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Privacy Games

Report: Valve Anti-Cheat (VAC) Scans Your DNS History 373

Posted by samzenpus
from the lets-have-a-look dept.
dotarray writes "If a recent report is to be believed, Valve is looking at your browsing history. Reportedly, the company's Valve Anti Cheat system (VAC) looks at all the domains you have visited, and if it finds that you've frequented hack sites, you'll be banned. 'The new functionality has been slammed by gamers, who claim it is "more like spyware than anti-cheat". Valve has not responded to the allegations, but all Steam users have agreed to abide by specific online conduct and not to use cheats. The company's privacy policy also explains that Valve may collect "personally identifiable information", but promises not to share it with other parties.'"
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Report: Valve Anti-Cheat (VAC) Scans Your DNS History

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  • Re:So (Score:4, Informative)

    by Anonymous Coward on Monday February 17, 2014 @09:45AM (#46266453)

    Create a steam user without access to your real user's files. Run steam only as this user.

  • Re:So (Score:1, Informative)

    by Anonymous Coward on Monday February 17, 2014 @09:45AM (#46266457)
    Cancel subscription, uninstall steam and move on.
  • Re:So (Score:4, Informative)

    by l_bratch (865693) <l_bratch@yahoo.co.uk> on Monday February 17, 2014 @09:54AM (#46266551) Homepage

    The claim is that the operating system's DNS cache is scanned, not any particular application's history.

  • DEBUNKED (Score:5, Informative)

    by Anonymous Coward on Monday February 17, 2014 @09:59AM (#46266601)

    This story is being debunked in the original reddit thread.

    http://www.reddit.com/r/technology/comments/1y4za5/steams_vac_now_reads_all_the_domains_you_have/

  • by Anonymous Coward on Monday February 17, 2014 @10:07AM (#46266689)

    > Indeed, it also says the the actual entries themselves are not sent back, but only the hashes

    DNS names are easily enumeratable, the only reason to emphasize that it's hashes is if you're clueless or dishonest.
    From a privacy perspective, they are sending back DNS names, saying that's hashes is only fooling people.

  • Re:So (Score:5, Informative)

    by l_bratch (865693) <l_bratch@yahoo.co.uk> on Monday February 17, 2014 @10:15AM (#46266765) Homepage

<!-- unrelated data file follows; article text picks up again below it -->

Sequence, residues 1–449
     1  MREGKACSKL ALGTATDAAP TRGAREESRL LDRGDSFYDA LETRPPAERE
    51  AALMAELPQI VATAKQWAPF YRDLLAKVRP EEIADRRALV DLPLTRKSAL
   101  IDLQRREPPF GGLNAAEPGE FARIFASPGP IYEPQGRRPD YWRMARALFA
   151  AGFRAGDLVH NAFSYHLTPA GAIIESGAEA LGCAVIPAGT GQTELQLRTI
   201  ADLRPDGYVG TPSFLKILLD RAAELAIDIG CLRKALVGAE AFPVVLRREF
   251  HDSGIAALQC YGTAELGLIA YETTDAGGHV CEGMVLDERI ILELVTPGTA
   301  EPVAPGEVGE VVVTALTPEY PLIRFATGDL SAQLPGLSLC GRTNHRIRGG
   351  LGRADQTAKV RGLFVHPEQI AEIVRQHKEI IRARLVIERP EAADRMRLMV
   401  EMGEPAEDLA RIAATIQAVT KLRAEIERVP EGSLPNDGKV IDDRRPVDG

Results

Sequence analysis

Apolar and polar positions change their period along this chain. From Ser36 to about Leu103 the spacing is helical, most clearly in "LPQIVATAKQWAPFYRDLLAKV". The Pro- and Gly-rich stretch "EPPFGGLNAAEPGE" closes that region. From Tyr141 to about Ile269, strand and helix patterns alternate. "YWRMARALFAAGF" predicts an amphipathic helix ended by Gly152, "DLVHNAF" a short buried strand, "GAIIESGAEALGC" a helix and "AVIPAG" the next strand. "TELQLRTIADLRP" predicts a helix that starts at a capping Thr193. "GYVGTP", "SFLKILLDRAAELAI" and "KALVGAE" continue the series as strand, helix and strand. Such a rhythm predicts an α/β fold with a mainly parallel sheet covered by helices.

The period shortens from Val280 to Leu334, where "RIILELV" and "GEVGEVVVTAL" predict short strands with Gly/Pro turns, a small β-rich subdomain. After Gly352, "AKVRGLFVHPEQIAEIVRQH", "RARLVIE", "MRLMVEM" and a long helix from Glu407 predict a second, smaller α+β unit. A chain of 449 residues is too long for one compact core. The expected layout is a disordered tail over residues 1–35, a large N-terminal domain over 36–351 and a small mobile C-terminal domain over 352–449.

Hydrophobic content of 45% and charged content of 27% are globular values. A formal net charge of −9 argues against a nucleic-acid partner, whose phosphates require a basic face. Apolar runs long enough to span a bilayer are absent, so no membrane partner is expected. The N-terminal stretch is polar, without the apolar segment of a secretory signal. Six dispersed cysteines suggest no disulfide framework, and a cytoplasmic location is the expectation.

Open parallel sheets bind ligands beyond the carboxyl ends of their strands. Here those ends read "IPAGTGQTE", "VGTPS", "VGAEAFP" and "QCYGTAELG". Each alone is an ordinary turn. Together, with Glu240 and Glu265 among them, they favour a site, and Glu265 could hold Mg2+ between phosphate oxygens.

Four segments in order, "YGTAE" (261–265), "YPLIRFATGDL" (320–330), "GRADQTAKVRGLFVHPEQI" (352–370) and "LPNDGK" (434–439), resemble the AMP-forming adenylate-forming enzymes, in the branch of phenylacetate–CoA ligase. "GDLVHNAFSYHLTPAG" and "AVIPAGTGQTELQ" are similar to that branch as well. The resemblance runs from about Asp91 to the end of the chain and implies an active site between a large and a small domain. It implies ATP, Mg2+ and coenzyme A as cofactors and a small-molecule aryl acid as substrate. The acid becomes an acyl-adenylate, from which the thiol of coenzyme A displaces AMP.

I agree that it's very invasive if the list is returned to Valve, however I can't find any evidence that it is. The code originally posted only details the *reading* and hashing of the DNS cache, with no sign of *transmitting* it.

    As far as I can see, numerous headlines and articles since the code was posted have made the claim that the list is sent to Valve, without any evidence.

  • Re:So (Score:5, Informative)

    by Anubis IV (1279820) on Monday February 17, 2014 @10:43AM (#46267037)

    why do you put up with this kind of crap?

    Cost, convenience, and a lack of alternatives.

    I license the right to play a game from Steam, usually for dirt cheap prices, and in exchange, it's available on any Internet-connected computer I own. Should I lack an Internet connection, it's possible to enable an offline mode as well, allowing me to continue playing regardless of my lack of a connection.

    Games haven't been owned by anyone for a long time now. Even buying a physical disc is just buying a license to play the game, which can and does get revoked in cases of abuse (see: Halo 4 [xbox.com], Call of Duty: Ghosts [slashgear.com], Diablo III [battle.net]). Of the companies out there that are licensing games to customers, Steam is relatively permissive, and it's rare that a typical gamer will run into issues with them.

  • Re:So (Score:5, Informative)

    by Sowelu (713889) on Monday February 17, 2014 @02:04PM (#46269249)

    Worth noting that VAC doesn't lock you out of running games or delete your account, it just prevents you from playing multiplayer on VAC servers. VAC is a voluntary-to-publisher service that Valve offers to creators of multiplayer games. If a publisher says "yeah, if someone cheats on a different game then we don't want them playing on our servers either", they can do that...it's pretty much the same as publicly shared email blackhole lists. If you have a problem with a publisher putting VAC in their games, complain about them and not Valve.

    Many (most?) multiplayer games that let players run their own servers give an option of running a non-VAC one, or to connect directly to IP, whatever.

    Seriously...even if Valve didn't run VAC, someone else would run an equivalent service (can you say Punkbuster?). All it takes is for one or two companies to say "hey we have this way to detect cheaters, why don't we share the steam keys of the cheaters we find and keep them from playing online on our servers", and there you go.

FORTRAN is a good example of a language which is easier to parse using ad hoc techniques. -- D. Gries [What's good about it? Ed.]

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